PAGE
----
TOWN COUNCIL MEETING SEPTEMBER 21st
By Cynthia Drummond for BRVCA
Council Adopts Public Forum Amendments
RICHMOND — After a brief discussion at the Sept. 21 meeting, members of the Town Council agreed to adopt amendments to the Rules and Procedures pertaining to conduct during the Public Forum segments of meetings.
Councilors also approved an update to the council agenda format, which will now include communications received by the council.
Public Forum amendments, first proposed by council President Nell Carpenter at the Sept. 7 council meeting, would prevent members of the town’s public bodies from responding to comments made during the Public Forum.
Town Solicitor Karen Ellsworth presented a draft amendment at the Sept. 21 meeting which, she said, more accurately reflected the position of the Rhode Island Attorney General on complaints regarding violations of the Open Meetings Act.
In a memorandum to the council, Ellsworth wrote,
“It seems to me that the intent of the OMA [Open Meetings ACT] is not to prohibit town council members from responding to comments made by members of the public during a public meeting. Nor do I believe the statute is intended to prohibit town council members from briefly discussing a matter raised by a member of the public if the purpose of the discussion is to obtain more information - for instance, to get more details that would help the town clerk describe the matter on a future meeting agenda, to find out how many other residents have the same concern, or to determine which official a problem should be referred to. Instead, I think the intent of the OMA is to prohibit a town council from making a decision on a matter raised during a meeting if the public has no way of knowing in advance that the town council might make a decision about that matter.”
Ellsworth’s proposed amendment, which the council approved, states that members of the town’s public bodies may respond to comments made by members of the public but,
“may not initiate discussion of a matter not posted, and the town council may not vote on a matter not posted except:
I. To refer the matter to another body or official, or
II. When a vote is necessary to address an unanticipated situation that requires immediate action to protect the public health, safety or welfare.”
The council also approved the amendment adding “Communications” to Town Council agendas. The contents of written communications received to the town will now be included on council agendas, a practice which has already begun.
The council discussed the formation of the “Wellness Committee” proposed by Carpenter at the Sept. 7 meeting.
The town will receive $2.3 million in federal “American Rescue Plan” pandemic recovery - related funds, and Carpenter said the new committee would meet one of the requirements for inclusion in the federal grant program.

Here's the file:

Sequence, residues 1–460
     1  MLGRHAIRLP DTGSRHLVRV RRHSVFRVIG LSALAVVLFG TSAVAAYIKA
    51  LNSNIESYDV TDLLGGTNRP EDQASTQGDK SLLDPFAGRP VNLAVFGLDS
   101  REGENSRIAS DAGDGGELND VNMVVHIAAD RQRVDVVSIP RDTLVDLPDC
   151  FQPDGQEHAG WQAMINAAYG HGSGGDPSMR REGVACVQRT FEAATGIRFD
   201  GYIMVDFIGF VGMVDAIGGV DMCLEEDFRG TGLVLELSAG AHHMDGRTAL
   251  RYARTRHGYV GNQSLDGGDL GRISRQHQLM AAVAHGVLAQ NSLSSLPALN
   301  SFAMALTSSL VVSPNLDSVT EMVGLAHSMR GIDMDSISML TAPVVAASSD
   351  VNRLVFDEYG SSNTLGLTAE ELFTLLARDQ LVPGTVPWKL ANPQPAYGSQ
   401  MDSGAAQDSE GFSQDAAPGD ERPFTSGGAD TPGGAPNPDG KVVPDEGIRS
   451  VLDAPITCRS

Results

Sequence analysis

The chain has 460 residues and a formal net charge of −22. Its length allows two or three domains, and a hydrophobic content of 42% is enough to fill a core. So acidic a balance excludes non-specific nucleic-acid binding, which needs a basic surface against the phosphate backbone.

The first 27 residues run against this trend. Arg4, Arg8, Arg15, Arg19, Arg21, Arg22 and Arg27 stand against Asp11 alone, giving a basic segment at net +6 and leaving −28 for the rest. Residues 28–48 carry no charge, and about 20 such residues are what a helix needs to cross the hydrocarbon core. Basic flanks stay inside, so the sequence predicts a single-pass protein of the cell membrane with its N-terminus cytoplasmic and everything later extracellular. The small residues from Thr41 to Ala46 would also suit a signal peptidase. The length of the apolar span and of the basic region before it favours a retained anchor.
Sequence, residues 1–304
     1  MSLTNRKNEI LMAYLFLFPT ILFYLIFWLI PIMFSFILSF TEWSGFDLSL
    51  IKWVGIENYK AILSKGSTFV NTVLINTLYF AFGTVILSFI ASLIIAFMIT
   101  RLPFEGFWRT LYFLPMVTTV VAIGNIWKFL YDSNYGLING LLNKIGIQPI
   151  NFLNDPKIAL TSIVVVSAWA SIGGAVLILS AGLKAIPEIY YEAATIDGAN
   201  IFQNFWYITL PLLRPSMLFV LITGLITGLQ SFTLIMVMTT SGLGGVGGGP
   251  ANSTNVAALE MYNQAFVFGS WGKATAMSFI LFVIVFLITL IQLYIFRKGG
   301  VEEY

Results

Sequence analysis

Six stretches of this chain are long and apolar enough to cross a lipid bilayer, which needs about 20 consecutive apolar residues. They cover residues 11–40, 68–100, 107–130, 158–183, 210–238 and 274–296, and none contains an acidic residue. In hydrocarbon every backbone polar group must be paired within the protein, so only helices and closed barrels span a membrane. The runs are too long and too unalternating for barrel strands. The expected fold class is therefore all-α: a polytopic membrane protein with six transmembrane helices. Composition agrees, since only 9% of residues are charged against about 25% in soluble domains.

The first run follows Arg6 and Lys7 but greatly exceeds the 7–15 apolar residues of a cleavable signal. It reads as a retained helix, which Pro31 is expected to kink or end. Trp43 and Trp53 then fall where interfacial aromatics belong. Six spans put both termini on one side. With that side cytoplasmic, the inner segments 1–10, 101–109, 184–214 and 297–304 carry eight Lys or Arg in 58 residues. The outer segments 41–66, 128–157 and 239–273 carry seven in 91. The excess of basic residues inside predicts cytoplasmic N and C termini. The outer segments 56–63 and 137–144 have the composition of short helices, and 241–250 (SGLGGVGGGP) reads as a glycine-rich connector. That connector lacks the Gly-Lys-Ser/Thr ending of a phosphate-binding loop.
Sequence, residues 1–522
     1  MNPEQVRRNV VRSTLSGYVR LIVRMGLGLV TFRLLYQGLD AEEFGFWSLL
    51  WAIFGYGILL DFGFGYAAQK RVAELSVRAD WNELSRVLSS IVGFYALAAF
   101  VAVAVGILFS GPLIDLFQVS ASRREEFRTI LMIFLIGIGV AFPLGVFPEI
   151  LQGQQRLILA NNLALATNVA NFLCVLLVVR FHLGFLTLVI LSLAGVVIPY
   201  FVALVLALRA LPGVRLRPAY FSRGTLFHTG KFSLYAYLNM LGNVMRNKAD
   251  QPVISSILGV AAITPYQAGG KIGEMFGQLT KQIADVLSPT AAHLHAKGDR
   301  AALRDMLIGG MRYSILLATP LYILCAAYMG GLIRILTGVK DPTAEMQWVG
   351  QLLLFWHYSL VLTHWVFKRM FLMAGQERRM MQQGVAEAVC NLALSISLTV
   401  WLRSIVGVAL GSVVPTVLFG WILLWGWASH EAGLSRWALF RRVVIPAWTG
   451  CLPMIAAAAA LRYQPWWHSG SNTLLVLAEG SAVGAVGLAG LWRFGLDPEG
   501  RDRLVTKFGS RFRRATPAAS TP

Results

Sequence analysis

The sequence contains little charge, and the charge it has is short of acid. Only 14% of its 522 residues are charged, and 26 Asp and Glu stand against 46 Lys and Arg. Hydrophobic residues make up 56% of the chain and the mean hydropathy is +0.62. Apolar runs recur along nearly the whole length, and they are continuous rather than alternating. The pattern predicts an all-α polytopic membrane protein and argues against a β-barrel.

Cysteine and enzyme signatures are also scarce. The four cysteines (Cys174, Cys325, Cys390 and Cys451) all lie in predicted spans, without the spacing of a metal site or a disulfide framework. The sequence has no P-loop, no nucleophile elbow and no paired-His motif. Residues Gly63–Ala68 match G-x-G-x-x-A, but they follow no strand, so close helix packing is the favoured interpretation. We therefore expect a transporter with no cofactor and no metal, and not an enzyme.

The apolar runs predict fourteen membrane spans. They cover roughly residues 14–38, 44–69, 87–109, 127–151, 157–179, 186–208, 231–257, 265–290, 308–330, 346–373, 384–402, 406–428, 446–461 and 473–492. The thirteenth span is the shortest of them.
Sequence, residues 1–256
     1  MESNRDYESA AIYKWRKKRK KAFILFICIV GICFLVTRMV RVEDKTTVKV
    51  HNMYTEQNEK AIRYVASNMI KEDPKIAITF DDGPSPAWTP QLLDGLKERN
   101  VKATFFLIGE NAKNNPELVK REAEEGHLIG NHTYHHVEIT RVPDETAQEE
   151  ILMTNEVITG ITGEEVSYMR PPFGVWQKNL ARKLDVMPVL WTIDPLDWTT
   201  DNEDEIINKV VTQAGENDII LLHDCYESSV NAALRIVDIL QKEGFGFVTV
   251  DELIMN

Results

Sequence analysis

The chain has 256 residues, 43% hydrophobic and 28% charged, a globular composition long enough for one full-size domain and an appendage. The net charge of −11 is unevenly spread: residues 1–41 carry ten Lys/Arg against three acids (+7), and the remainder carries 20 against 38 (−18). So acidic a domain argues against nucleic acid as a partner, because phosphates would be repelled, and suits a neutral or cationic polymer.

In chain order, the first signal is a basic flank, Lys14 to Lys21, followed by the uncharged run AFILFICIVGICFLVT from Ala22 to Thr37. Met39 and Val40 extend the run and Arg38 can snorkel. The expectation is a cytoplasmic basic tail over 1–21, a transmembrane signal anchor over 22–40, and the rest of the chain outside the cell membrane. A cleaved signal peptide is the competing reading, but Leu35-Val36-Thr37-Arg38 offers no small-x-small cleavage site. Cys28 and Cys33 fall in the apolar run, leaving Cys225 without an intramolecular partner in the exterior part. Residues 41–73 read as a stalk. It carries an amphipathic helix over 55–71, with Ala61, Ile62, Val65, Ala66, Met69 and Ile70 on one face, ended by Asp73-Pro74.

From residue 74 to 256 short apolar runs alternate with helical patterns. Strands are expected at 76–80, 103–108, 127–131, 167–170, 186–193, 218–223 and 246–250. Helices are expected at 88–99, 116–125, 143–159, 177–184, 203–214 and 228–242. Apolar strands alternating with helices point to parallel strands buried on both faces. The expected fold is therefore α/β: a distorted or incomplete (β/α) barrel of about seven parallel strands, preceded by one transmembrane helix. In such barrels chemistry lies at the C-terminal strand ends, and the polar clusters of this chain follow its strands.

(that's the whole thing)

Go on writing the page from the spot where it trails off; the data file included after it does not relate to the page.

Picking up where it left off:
Carpenter also noted that she had researched acceptable uses for the funds on the United States Department of the Treasury website.
“I’ve printed this checklist out because councilman [Richard] Nassaney actually expressed some concerns at the last meeting regarding potential use, more importantly, what we are prohibited from using, and that is a concern I share too, because we need to be informative to residents in regards to the appropriate uses or eligible uses that the treasury department has given in this fact sheet, ” she said.
Two municipal uses that Carpenter said were clearly described as unacceptable are using the funds to offset a reduction in tax revenue and depositing the funds to a pension fund.
Permitted uses include COVID-19 prevention support measures for vulnerable populations and behavioral health care support.
Carpenter said the town also needed to consider the establishment of recreational facilities, as described in the town’s comprehensive plan.
“We need to develop new community recreation facilities on town land, with the Richmond Town Council, DPW and Recreation Commission as overseers,” she said. “…We should be developing short and long term recommendations for improvements in these services and programs. This Wellness Committee will serve that very need.”
Council members discussed the wording of a resolution which would definite the membership of the committee, as well as its goals and tasks. Town Administrator Karen Pinch will place an advertisement in local news media soliciting members for the new committee.
Another funding opportunity
In other business, the council heard details of a “T-Mobile Hometown Grant” which awards up to $50,000 to towns for special projects.
Councilor Lauren Cacciola, who proposed the grant application, asked councilors to suggest projects and both Ellsworth and Pinch noted that a requirement of the grant is that it be used for a project that was already earmarked and ready to build.
“We could use a ton of new equipment at Beaver River Playground,” Pinch told the council. “Something like that would be great.”
Finance Director Laura Kenyon suggested that the grant proposal could be written as a more general request for funds for new playground equipment.
Ellsworth asked the council to make a motion asking town staff to look at the details of the grant and draft a proposal for the council’s approval at a future meeting.
No action on food trucks
At a continuation of a public hearing that began at their Aug. 17 meeting, council members also discussed, but on the recommendation of Karen Ellsworth, declined to act, on proposed amendments to the ordinances pertaining to mobile food trucks.
“Generally speaking, it’s not something that’s appropriate to regulate by zoning, because zoning is about the use of land and this is an activity that takes place on the land, so it would be really difficult for us,” she said.
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